FATCA, the Foreign Account Tax Compliance Act, represents a complex and costly compliance task being forced upon financial services firms globally by the US tax authorities. But some management teams still seem unaware of the full impact on their business, or the seriously high costs of non-compliance.
Much has been written (almost universally negatively it has to be said) about the impact of FATCA, brought in by the US authorities to clamp down on their citizens avoiding paying tax on offshore investments (targeted at investments above USD fifty thousand in value in aggregate).
Although the regime doesn’t come into force until 2013 (30th June 2013 is the current deadline for when firms have to sign agreements with the US Internal Revenue Service, IRS), many firms around the world are already taking action due the complexity and timeframes involved in achieving compliance.
Responses from the UK financial services industry vary widely. At one end, some firms have already set-up of £multi-million, multi-year impact assessments and implementation programmes to the other end of the extreme: an apparent denial by management that FATCA will affect them or a belief that they can drop below the radar of the IRS and avoid compliance.
But why is it not a viable option for UK financial services firms to simply ignore FATCA and hope it goes away?
Firstly, the definition of Foreign Financial Institutions (FFIs) under the regime is very broad and will bring into scope a wide range of UK institutions including banks, brokers, insurance firms and many types of collective investment vehicles.
Secondly, UK firms will be subjected to a stringent 30% withholding tax on any pass-through payments on any US assets (including US shares or US Treasury Bonds) made via other FFIs, even if the firms themselves don’t have any US domiciled customers. To avoid this withholding tax, UK firms will have to:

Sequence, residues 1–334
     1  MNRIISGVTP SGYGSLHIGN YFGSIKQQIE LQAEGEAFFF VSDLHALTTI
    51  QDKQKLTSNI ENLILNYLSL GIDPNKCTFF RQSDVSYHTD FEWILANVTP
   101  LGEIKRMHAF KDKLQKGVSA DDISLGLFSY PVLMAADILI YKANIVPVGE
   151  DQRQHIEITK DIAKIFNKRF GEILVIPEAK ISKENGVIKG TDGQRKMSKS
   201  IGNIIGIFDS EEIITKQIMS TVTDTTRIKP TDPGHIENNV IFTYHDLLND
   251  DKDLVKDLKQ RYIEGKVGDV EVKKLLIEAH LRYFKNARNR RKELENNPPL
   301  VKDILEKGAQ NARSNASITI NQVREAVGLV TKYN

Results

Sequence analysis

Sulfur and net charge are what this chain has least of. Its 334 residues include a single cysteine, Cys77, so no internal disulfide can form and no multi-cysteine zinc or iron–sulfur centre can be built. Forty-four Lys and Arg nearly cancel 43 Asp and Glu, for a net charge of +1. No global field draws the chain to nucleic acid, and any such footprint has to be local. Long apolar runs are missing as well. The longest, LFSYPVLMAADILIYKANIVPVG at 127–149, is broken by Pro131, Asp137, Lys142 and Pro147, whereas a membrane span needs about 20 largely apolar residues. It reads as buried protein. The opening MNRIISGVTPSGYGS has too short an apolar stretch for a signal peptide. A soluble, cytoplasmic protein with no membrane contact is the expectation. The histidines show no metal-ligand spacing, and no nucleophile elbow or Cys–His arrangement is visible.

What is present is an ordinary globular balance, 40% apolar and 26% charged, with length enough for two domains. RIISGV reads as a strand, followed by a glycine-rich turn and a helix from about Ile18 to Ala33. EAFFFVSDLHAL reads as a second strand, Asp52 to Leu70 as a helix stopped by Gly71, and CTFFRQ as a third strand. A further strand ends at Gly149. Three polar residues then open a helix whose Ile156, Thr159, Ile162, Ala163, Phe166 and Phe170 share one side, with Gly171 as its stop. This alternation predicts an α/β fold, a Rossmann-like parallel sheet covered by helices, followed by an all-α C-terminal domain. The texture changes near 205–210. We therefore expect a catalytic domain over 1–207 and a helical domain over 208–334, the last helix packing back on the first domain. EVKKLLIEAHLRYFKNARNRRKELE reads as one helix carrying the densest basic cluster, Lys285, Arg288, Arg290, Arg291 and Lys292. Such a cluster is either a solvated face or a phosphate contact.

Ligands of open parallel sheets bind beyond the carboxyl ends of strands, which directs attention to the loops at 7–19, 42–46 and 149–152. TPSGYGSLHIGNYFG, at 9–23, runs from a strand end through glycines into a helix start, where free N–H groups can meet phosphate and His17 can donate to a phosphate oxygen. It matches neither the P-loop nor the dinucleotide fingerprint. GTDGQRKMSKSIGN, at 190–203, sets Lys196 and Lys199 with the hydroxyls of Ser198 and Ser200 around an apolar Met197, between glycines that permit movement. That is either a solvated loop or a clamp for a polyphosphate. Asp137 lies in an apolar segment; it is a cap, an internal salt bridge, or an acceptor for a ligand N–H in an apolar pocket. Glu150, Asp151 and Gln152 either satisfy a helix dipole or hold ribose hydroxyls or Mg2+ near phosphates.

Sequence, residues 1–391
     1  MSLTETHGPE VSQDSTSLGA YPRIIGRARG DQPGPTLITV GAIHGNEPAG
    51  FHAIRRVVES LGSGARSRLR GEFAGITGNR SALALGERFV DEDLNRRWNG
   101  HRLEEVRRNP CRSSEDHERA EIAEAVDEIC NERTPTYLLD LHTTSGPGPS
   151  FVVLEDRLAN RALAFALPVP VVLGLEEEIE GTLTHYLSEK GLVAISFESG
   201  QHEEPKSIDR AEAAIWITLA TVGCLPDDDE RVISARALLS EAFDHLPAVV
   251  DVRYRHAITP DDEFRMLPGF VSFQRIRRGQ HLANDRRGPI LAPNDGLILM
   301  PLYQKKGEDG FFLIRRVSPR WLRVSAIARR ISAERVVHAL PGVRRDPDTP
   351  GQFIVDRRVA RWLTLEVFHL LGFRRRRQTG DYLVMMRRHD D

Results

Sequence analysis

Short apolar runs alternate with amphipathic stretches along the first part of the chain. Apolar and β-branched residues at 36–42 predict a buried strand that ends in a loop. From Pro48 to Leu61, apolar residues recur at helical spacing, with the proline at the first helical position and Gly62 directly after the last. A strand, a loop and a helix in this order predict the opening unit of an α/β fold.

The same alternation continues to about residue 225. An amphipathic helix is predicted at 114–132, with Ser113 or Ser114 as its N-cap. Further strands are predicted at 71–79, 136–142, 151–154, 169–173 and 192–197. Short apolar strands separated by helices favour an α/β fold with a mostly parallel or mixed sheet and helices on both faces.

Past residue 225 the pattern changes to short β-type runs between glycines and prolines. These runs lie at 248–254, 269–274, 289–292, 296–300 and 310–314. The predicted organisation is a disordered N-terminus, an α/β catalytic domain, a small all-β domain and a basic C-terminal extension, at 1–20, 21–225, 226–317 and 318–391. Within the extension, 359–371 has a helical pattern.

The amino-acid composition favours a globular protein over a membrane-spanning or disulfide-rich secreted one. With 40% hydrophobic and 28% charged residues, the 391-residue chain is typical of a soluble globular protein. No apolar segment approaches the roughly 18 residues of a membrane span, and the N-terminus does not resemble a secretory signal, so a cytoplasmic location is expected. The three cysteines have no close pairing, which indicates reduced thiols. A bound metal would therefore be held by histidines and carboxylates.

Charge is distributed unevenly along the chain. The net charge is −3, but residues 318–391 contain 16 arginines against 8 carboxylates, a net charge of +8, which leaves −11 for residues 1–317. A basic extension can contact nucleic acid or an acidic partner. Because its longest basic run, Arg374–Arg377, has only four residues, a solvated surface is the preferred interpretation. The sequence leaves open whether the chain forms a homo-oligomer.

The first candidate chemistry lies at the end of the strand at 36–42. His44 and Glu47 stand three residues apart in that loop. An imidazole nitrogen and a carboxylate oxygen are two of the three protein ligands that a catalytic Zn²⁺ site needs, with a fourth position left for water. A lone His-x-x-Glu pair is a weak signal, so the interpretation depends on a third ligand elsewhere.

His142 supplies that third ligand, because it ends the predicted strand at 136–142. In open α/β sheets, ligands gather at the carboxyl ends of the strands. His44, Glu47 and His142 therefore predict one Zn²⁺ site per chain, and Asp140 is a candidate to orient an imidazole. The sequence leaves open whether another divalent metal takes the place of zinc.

So what do we recommend?
As preparation is complex and the clock is fast ticking towards implementation date, UK FS firms need to take action now by accepting that this is more than a tax compliance issue. Instead, they must quickly conduct a detailed impact assessment into the extent to which FATCA requirements will affect their strategy, products, services, processes, systems and their people. A senior Sponsor should be appointed to lead this work and a strong cross-functional working group should be established incorporating representation from Sales, Marketing, Operations, IT, Tax and Compliance.
The findings from the impact assessment will determine the scale of the task ahead but each firm affected will almost certainly have to develop a contact strategy for existing customers and to make changes to their client on-boarding processes to gain the extra information required for IRS reporting going forward.
In order to establish a FATCA compliant business model, firms then have to develop the systems capabilities to comply with the annual reporting requirements and to calculate the withholding taxes on recalcitrant customers or on pass-through payments to non-participating FFIs. Management will also need to keep a close watch on the final details of the regulations as they emerge.
The Industry globally is lobbying hard to minimise the impact and costs of FATCA, although interestingly governments do not yet seem to be voicing their views. One thing seems certain though it looks like FATCA is going to happen in one form or another and doing nothing could be a very costly option for UK firms.
For more information on FATCA and how BDO can assist in assessing the impact of FATCA and preparing for compliance, please contact: